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First-time unemployment claims in Florida continued to slow during the week that ended Oct. 24, though a survey indicates small businesses remain concerned about a sluggish recovery during the coronavirus pandemic.

In a report released Oct. 29, the U.S. Department of Labor estimated 30,874 new jobless claims were filed in Florida during the week that ended Oct. 24, down from 40,070 a week earlier. Nationally, initial claims fell 5 percent.

The Labor Department weekly report also came as the U.S. Department of Commerce issued economic-growth numbers last week showing the country has made up a portion of the losses caused by the pandemic.

Florida had fewer initial unemployment claims last week than many other large states. California had 152,057 initial applications, while Illinois had 54,819, New York had 52,283, Massachusetts had 47,202, Georgia had 43,362, and Texas had 33,757.

The Labor Department report revised upward Florida’s first-time claims for the week ending Oct. 17. That number went from an originally reported 35,960 to 40,070.

The slowing of new claims comes despite a surge in coronavirus cases nationally, Congress being unable to reach agreement on an economic-stimulus package and Florida’s key hospitality and leisure industries seemingly a long way from recovering.

Comcast Corp., the parent company of Universal theme parks, on Oct. 29 reported third-quarter revenue at its parks down 80.9 percent from the prior year, with California parks still closed and facilities in Orlando and Japan open at limited capacity.

Meanwhile, a survey of small business owners and operators released last week by the Florida Chamber Foundation found the pandemic impacting staffing levels at all but just 14 percent of the businesses and 45.4 percent remaining concerned about their ability to operate in the future.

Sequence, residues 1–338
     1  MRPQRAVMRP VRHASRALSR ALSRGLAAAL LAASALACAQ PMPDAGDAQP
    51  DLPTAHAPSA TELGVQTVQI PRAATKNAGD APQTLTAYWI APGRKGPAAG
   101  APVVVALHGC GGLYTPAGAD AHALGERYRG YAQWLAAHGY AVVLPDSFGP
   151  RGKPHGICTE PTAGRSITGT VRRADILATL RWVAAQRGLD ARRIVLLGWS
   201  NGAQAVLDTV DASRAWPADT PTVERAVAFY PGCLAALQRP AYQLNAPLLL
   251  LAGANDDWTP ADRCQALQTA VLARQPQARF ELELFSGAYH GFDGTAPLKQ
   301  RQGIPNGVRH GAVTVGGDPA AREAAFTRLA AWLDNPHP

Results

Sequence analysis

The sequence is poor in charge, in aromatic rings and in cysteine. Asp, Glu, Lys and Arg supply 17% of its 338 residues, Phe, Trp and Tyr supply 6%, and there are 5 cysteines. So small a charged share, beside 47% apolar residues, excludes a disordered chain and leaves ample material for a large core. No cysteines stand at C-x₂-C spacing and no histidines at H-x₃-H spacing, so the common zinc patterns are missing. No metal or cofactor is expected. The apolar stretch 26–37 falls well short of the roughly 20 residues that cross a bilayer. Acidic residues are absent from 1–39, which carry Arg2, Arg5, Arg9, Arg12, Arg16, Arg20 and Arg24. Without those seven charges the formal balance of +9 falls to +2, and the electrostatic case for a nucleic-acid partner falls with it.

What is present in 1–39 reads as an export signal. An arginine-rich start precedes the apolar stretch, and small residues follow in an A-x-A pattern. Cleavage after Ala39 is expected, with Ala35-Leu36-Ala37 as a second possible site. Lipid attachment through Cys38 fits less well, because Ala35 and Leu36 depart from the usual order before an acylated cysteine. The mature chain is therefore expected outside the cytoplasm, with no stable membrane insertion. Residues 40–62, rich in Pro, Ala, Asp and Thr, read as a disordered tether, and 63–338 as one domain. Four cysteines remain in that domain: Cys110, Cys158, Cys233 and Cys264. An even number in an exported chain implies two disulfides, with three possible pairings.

“The results of the survey indicated that the majority of Florida’s small businesses have been greatly affected by the COVID-19 pandemic and these impacts pose negative implications both for their business and Florida’s economy,” according to the report, which was conducted with the Florida Small Business Development Center Network and the University of West Florida Haas Center.

The report added that while the “economy slowly begins to improve, the challenges faced by small businesses will likely linger for years to come.”

Many of the nearly 5,000 small business owners and leaders contacted for the survey indicated they are struggling financially, with 85.1 percent saying they had lost revenue, 59.4 percent saying they had to add costs to meet public safety requirements, and 39.6 percent struggling with disruptions in their supply chains.

“The transportation industry continued to suffer from COVID-19, as airlines restricted travel, and connections across the supply chain were temporarily halted,” the report stated. “The lack of access to goods and services quickly affected other industries in need of supplies and forced business owners to adopt new business models. Unfortunately, for some businesses, this meant employee layoffs, exhausting savings, or even permanent closure.

The survey was conducted in August, when 30 percent of business owners reported their operations remained suspended, with 74.4 percent either voluntarily shut down or forced to close in the spring when the virus hit the state.

On average, businesses that shut down were closed for 9.9 weeks. Businesses that depended on in-person operations or that were deemed “nonessential” had longer closures than those that could operate remotely.

Businesses that were most affected were in the categories of arts, entertainment and recreation, transportation and warehousing, educational services, real estate, rental and leasing, and accommodation and food services.

Florida Chief Financial Officer Jimmy Patronis, addressing an annual meeting of Florida TaxWatch on Oct. 29, said state lawmakers need to enact liability protections from coronavirus-related lawsuits to give “businesses the extra confidence to move forward without the fear of being punished.”

The state’s unemployment rate in September was 7.6 percent, up from 7.3 percent in August.